For MasterChef Pankaj Bhadouria,Consistency Is Key To Excellence

 Winner of the first-ever MasterChef India, Pankaj Bhadouria, was a fan-favourite since the start. She wasn’t coming from a hospitality background. In fact, she was a school teacher who quit her 16-year-old ‘stable’ job to participate in a reality show that was to change her life forever. 

She was the great Indian dream, and we left no stones unturned rooting for her. In her final dish, she impressed all three judges and created history. Ever since then Chef Pankaj has hosted several cooking shows, and written many cookbooks, with one on its way. “Indian cuisine has so much to be explored, so I am working on bringing some of our culture, food, and its stories to the forefront. Let’s wait till it unfurls”, is what she had to say for her upcoming cookbook.

In a freewheeling chat with Slurrp, Pankaj opened up about her journey, fond food memories, culinary academy, and more. Excerpts.

Q. When did you start cooking? Tell us about your journey

A. I started cooking at the age of 11, all out of choice. Both my parents were excellent cooks. In fact, my mother had learned cooking from my father and my grandmother after she got married. People waited for parties at our home for the food and its presentation would be excellent. That is what inspired me. I felt cooking good food was definitely something great for not only did you get to eat good food but also it got you lots of praise so it was something I had to learn and that I did, watching both of them cook together and then later, of course, assisting mom in the kitchen.  

Q. A few words on your culinary academy

A. My culinary academy was a dream project - a baby of my love for cooking and my experience as a teacher. As a young girl, I had been unable to pursue a career in a professional kitchen because it was not quite ‘acceptable’ for a girl then. But I wanted to provide a platform for all young boys and girls, who dreamt of becoming a chef, a platform from where they could take a flight to shape their careers. I wanted to be there with them, to ease any issues they may be facing, counselling their parents personally, ensuring proper placements for them, and giving them the channel that they needed.  

I am very proud to say that the ‘Pankaj Bhadouria Culinary Academy’ will be celebrating its 10th anniversary in August this year. Not only do we get students from Lucknow and other parts of UP, but many of our students come from places like Haryana, MP, Rajasthan, Karnataka, Delhi, West Bengal, Meghalaya, Assam, Mumbai, and even Nepal. From our first batch of only 12 students to five batches of around 70 every year, we have come a long way, and placed more than 4,000 students in the industry. This has helped so many become entrepreneurs, and set up their own restaurants and bakeries.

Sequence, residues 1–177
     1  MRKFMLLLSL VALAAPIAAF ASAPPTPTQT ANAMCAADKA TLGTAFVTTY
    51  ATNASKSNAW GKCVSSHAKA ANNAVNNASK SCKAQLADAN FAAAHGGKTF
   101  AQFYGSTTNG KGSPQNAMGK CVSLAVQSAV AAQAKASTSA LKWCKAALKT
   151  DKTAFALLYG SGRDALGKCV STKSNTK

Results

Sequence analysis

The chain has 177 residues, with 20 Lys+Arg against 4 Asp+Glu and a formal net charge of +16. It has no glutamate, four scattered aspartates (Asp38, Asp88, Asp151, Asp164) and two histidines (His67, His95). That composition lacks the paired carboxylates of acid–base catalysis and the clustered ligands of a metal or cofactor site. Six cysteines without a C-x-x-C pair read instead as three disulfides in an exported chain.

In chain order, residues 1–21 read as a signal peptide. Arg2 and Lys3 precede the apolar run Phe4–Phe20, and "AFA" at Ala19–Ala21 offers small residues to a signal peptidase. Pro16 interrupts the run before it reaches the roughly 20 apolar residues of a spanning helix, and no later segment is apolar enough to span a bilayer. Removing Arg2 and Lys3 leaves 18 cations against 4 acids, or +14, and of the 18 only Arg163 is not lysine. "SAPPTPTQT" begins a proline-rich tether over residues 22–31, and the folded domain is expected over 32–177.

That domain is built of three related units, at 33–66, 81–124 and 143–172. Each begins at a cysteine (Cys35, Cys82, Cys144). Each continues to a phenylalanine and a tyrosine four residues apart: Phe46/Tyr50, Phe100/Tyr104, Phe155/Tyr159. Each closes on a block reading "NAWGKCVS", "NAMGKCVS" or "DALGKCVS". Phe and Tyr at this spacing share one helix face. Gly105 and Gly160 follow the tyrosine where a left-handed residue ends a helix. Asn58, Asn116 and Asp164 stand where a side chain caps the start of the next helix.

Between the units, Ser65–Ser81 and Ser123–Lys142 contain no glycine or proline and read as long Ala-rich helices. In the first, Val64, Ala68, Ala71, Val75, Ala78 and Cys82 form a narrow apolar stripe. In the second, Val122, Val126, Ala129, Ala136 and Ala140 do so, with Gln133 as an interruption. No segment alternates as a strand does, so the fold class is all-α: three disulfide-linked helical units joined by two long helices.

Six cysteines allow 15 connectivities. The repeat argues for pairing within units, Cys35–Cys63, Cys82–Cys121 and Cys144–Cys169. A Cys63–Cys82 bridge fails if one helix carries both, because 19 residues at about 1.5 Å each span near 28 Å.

Q. How did life change after MasterChef India?

A. It took a dramatic turn - name, fame, and moolah, it brought in everything. But more importantly, it became a stepping stone, and opened the doors to a whole new world. It gave me an opportunity to explore myself as a chef. I reached out to people through TV shows - I’ve done about 14 of them so far, authored five books, set up my culinary academy, and further reached an audience of over eight million on social media. I have been invited all over the world - the US, the UK, Japan, Dubai, Oman, Sharjah, Abu Dhabi, and many more countries. All this has been possible after all the hard work that came in winning MasterChef.

Q. How easy or difficult is it for you now to find inspiration to create something new in the kitchen?

A. Life is the biggest inspiration for me. One doesn’t have to find time for inspiration, it strikes anytime like an idea. And every day I am in the kitchen, shooting, teaching, and experimenting. So there are plenty of opportunities around.

Q. Social media loves you. What is your trick to keep them so happy and excited about your work?

A. Thanks. Social media is a very good way of connecting to people who love you and admire your work. I just try to be very regular with what I am sharing, keep a tab on what people like and what they don’t like and so work around that. I believe if you are honest in your approach, real and share your true self with them, they will love you for real.

Q. What is your comfort food?

A. Believe me, my comfort food is a simple khichdi.

Q. Your fondest food memory

A. Queuing up outside the first international pizza outlet that opened in Connaught Place, New Delhi, with our father. It was the month of December and we had to wait for 45 minutes! But that joy of having that pizza is still fresh in my mind.

Q. Last dish you prepared that you were really impressed with

A. I don’t think I get impressed with anything that I do. I always feel I could have done it better or made some improvements. So, I do not get satisfied so easily. 

Q. Your favourite travel and dining destination in India or abroad

A. There are so many of them, so it will be difficult to say. But I do love the Tunday Kababi in Lucknow.

Q. One celebrity you would love to cook for

A. Let me name three - the Dalai Lama, Prime Minister Narendra Modi, and Amitabh Bachchan.

Q. If you had to choose just one meal for one week, what would it be?

A. Easy. Dal-chawal and achar.